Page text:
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It is about a young woman who had an illness from when she was 15, she has been asleep for 29 years, and has now only just been woken up by an injection, but she struggles all through the play to understand that she is not 15 any more she is a grown women. Deborah has a mind of a 15year old but the body of a 44year old. You can see as soon as Deborah wakes up that she is struggling as she uses past tense, here is a quote from the play to show this, “Who is it? It is miles away. The rain is falling. I will get wet. ”

She also struggles to get sound out if her mouth as she whispers. There are two main characters in the play, Deborah and the doctor, this helps the audience focus on Deborah. Deborah speaks about things that may have happened in the past, that she still remembers, “No one hears what I say. No-one is listening to me. ” This may have been what it as like when she was 15 but it could have been when she was asleep, she may have always been trying to speak out to people coming to check on her, she may have had some awareness of them.


Deborah talks about her past, the things she says Might be the important things that have happened, she cannot just keep her mind on one thing, this shows how she is struggling to wake up to reality. Before Deborah fell asleep there is a hint of sexual activity with her and her boyfriend that may have happened, as in the play she says, “You shouldn’t have touched me like that. I shan’t tell my mother. I shouldn’t have touched you like that” Or this could be from past carers who may have abused her. The doctor has got a very good relationship with Deborah this may implicate that he is in love with her.

“I have never let you go” This detects that the doctor has a bit of love for his patient. Deborah has not really changed as she sill has the mind of a 15year old; the only thing that changed was her appearance, which is something she had no control of. As the play goes on Deborah’s sentences increase which show that she is adjusting to being part of the real world again. But Deborah still stays confused as here she says, “I can’t get to sleep. The dog keeps turning about. I think he’s dreaming. He wakes me up. He’s my best dog though. I talk French. ”

In that sentence it shows that Deborah is still struggling as she says she can’t get to sleep but really she has been asleep for 29years. Deborah doesn’t really have much from her life before, she only has a few images from her childhood, as she has missed out most of her adult life. Pinter uses this idea as an important part of conveying Deborah’s struggle, as she is forced to understand what has happened to her. At this point of the play Deborah is beginning to adjust to the surroundings she wakes up to. A quote to show this is, “She looks at him for the first time”

In the play Pinter doesn’t really involve Deborah’s family, until she says, “I’ve not seen Daddy today. He’s funny. He makes me laugh. He runs with me. We play with balloons. ” We have only been in contact with Deborah and the doctor so this makes this part of the play more significant. From what Deborah says there it look like that her father represents the fun and happy part of her child life. From some things Deborah says we can see that her mother is a more practical figure who likes the idea of discipline we can see this in this quote,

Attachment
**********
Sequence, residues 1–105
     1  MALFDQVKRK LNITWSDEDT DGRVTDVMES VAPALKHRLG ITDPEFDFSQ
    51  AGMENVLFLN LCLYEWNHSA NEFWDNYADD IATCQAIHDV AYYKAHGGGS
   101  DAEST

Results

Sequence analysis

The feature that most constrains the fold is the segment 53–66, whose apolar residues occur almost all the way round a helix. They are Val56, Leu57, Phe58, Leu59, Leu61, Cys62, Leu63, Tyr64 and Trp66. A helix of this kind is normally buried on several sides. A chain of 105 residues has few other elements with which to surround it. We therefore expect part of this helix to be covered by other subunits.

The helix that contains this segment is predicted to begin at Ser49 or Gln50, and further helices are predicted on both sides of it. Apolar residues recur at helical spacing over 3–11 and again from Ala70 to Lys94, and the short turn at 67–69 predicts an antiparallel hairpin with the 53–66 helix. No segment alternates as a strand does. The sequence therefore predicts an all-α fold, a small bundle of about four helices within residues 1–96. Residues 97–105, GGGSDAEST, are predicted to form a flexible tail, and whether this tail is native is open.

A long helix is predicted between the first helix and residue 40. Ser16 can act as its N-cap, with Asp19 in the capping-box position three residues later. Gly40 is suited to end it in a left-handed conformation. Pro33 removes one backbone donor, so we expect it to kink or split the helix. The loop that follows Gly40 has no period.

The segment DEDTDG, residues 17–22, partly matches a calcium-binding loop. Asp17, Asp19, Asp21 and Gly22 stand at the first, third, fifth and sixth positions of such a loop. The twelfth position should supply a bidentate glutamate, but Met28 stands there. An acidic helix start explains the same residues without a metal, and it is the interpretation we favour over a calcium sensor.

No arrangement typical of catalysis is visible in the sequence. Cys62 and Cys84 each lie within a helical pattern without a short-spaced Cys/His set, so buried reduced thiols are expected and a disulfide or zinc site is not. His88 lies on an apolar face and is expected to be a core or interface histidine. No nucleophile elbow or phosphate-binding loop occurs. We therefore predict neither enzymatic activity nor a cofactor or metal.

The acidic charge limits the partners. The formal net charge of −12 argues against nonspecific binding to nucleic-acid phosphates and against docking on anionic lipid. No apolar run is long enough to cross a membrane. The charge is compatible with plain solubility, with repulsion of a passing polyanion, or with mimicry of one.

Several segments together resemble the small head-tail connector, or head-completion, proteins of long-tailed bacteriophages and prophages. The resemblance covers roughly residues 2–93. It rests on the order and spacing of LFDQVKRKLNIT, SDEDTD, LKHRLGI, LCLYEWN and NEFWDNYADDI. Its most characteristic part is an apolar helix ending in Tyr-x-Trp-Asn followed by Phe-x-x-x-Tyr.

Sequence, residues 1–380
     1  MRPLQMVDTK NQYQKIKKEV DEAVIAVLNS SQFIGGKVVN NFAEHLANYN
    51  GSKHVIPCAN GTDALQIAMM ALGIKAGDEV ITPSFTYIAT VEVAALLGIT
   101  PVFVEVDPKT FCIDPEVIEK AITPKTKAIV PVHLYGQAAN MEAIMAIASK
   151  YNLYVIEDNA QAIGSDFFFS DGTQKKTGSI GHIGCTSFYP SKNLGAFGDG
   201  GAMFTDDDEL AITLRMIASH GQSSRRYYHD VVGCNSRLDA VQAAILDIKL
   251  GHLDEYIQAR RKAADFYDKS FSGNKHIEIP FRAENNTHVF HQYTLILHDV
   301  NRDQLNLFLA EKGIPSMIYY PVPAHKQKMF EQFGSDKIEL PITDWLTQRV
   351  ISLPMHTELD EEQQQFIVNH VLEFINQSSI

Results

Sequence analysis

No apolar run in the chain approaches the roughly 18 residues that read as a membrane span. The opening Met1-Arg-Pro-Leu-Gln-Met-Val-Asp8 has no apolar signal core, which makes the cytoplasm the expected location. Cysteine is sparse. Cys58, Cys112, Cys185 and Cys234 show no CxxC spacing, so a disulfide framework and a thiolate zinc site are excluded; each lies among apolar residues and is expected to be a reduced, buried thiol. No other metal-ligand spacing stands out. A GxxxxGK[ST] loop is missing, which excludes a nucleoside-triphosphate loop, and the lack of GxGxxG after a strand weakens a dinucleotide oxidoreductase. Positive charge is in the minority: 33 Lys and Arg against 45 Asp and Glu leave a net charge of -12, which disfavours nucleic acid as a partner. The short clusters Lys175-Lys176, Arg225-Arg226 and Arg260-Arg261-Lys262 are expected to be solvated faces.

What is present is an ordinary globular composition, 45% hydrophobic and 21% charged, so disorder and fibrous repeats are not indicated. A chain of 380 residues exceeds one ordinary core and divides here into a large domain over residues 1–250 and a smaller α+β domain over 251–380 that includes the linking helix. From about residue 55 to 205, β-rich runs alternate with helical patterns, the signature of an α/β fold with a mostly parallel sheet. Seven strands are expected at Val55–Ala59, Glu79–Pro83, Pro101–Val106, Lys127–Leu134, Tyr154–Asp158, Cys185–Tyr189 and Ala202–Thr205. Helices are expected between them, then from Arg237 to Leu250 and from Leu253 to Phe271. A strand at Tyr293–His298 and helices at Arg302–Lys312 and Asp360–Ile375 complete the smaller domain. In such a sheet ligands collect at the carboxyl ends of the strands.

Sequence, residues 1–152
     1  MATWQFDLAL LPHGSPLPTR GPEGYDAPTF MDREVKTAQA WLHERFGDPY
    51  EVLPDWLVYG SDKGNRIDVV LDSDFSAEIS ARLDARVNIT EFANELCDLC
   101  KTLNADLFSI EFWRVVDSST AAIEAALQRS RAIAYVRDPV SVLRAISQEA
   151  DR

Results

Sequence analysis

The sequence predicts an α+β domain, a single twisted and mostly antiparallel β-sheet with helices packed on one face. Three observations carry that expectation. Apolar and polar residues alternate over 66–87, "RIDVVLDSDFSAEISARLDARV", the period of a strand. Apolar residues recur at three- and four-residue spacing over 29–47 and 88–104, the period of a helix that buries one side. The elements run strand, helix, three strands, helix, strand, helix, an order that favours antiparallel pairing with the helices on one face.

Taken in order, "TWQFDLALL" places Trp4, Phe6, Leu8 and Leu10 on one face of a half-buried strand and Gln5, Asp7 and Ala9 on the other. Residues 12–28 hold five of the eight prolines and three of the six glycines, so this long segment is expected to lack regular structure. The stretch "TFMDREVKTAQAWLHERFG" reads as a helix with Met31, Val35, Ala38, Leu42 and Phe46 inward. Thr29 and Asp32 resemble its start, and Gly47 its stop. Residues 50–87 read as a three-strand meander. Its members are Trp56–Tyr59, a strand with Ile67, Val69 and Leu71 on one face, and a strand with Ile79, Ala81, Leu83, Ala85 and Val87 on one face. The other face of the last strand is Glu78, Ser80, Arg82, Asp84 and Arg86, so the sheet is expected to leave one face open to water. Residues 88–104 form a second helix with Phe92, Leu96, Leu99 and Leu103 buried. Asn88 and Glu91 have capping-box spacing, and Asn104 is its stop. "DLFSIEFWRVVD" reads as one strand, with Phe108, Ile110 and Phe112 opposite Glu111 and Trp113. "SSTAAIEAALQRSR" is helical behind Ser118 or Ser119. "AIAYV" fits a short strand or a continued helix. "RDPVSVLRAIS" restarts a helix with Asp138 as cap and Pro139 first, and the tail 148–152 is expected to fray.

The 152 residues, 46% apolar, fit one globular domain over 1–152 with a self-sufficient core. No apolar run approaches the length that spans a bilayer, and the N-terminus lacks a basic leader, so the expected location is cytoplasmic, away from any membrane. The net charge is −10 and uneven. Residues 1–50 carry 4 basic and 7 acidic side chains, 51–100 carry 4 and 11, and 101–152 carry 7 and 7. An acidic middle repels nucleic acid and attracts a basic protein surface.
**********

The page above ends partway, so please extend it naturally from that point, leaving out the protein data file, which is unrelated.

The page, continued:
“If I sleep late my mother wakes me up. There are things to do. ” Her dad is more down-to-earth and is always having fun with her. Trough the play Deborah progresses a bit more each time, she starts to come to terms to what has happened to her. She struggles to take the illness seriously, as when the doctor shows how she looked, Deborah just laughs. When Deborah decides to get out of bed, she just thinks it is a normal day and just waking up in the morning or later on in the afternoon.

Pinter builds up the tension within the audience when Deborah decides to get up because just out of the blue she says, “Right. I’ll get up now. ” But as she finally gets up, we can see that Deborah still doesn’t understand she is a grown woman as she acts like a child, she starts to dance, but by herself, and she goes back to a fairy tale, ‘Alice in wonderland’ this shows that she is a kind of wonderland where everything is strange for her. The title ‘A kind of Alaska’ shows what it was like for Deborah to be asleep for that long, where they have long sleeps in the winter.

When Pinter finally allows Deborah’s younger sister Pauline to enter, Deborah doesn’t recognise her she struggles to understand that she is her sister, as the last time Deborah saw her was when she was much younger, Deborah asks to look into her eyes this part is quite important. Deborah is annoyed with Pauline, but we don’t really know why, it may be something Pauline did before she had this illness. When Deborah looks down at herself for the first time she realises that she is slimmer, she does not understand at all. But when Pinter decides to let Deborah know the truth, she starts to understand what has happened to her.

But she has a fear of going back to sleep, as she didn’t like it. Pinter shows the audience what it was like for Deborah to be asleep for that amount of time by Deborah having images, showing the distress it caused her. At the end of the play Deborah finally comes to grasp of what has happened to her. Pinter wrote the play like this to show the audience what it is like for someone to be asleep for that long a time, how hard it would be for someone to wake up and understand what has just happened to them, and how they would feel. I think it is good as it builds up the audience’s tension all through the play.

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Kylie Garcia

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